This calls for a water fight. Epic. Massive. Protesters should arm themselves with fire hoses, garden hoses, water guns, water balloons, a bucket brigade, and maybe a sprung fire hydrant as the infrastructure allows. How about a couple RC helicopters to drop water balloons? Let's get those protesting strippers from that Ohio church to shoot waterguns, too, and it'll all devolve into a wet t-shirt contest!
Think about it! It would be so perfect if everyone just cleaned out the shelves of their local big-box store and showed up to bombard Terry Jones and company. All those summer water toys are on clearance sale anyway, right? Wet the briquettes, take away their lighter fluid, and dump water on the bigots. Like a drive-by baptism.
Thursday, September 2, 2010
Evolution Kills, a t-shirt by Jeph Jacques of Questionable Content
I am two degrees of separation away from a creationist homeopath who homeschools her children. Yesterday I was informed that this was a recent Facebook status of hers:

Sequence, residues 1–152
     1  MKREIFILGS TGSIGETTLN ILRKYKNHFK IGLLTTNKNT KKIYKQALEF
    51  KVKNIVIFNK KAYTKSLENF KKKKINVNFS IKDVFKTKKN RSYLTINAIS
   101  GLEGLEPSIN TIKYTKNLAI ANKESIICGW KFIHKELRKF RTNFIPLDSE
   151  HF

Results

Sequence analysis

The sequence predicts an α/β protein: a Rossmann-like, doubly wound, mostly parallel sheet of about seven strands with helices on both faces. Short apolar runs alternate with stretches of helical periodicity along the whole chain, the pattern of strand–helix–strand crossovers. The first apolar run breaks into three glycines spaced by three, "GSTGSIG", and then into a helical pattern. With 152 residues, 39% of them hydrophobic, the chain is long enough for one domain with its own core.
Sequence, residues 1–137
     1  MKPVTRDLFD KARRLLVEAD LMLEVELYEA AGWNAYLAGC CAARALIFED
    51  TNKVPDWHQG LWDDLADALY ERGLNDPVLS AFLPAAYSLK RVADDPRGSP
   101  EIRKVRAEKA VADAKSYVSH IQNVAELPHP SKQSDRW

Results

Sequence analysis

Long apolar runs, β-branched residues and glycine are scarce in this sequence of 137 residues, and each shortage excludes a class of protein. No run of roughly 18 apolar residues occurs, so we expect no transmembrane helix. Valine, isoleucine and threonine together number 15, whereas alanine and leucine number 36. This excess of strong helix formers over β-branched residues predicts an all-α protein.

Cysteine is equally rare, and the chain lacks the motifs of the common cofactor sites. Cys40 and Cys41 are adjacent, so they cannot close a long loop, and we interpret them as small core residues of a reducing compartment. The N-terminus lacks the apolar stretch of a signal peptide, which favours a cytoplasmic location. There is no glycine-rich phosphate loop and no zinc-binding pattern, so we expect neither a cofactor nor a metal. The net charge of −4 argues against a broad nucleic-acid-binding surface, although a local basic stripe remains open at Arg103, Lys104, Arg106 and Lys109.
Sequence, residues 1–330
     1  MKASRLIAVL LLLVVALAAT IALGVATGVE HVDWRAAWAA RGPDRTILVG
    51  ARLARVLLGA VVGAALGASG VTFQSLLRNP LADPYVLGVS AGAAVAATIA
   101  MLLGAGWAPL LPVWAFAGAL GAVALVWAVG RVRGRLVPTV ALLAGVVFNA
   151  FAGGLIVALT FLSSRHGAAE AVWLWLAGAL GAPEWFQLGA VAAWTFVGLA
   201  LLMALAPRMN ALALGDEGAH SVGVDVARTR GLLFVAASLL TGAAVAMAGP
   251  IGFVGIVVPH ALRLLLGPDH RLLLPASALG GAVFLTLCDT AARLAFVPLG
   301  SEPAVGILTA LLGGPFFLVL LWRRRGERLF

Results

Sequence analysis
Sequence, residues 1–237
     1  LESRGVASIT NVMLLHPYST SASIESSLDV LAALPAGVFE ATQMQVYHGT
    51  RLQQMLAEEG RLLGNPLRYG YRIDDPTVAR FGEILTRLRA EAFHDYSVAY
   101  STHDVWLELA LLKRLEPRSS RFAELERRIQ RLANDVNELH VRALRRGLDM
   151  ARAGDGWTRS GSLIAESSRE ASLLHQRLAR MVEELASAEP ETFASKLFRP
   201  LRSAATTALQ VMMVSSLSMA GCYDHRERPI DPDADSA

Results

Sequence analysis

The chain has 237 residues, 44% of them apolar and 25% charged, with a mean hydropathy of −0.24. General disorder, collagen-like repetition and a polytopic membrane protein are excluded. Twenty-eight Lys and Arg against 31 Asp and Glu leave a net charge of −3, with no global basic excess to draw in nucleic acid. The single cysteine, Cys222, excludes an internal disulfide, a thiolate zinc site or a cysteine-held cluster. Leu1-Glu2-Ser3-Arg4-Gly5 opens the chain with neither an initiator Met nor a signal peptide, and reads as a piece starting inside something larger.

Just spent some time editing a secular science book for kids, and talking to them about what is Biblical . Now that we've covered up the evolution stuff, it is a great book :)
Are you freakin' kidding me? And why can't evolution be the work of God? And while you're at it, VACCINATE YOUR CHILDREN!
Seriously, sometimes I think there should be a special category of Darwin Awards for parents who manage to snuff out their own kids through incompetence.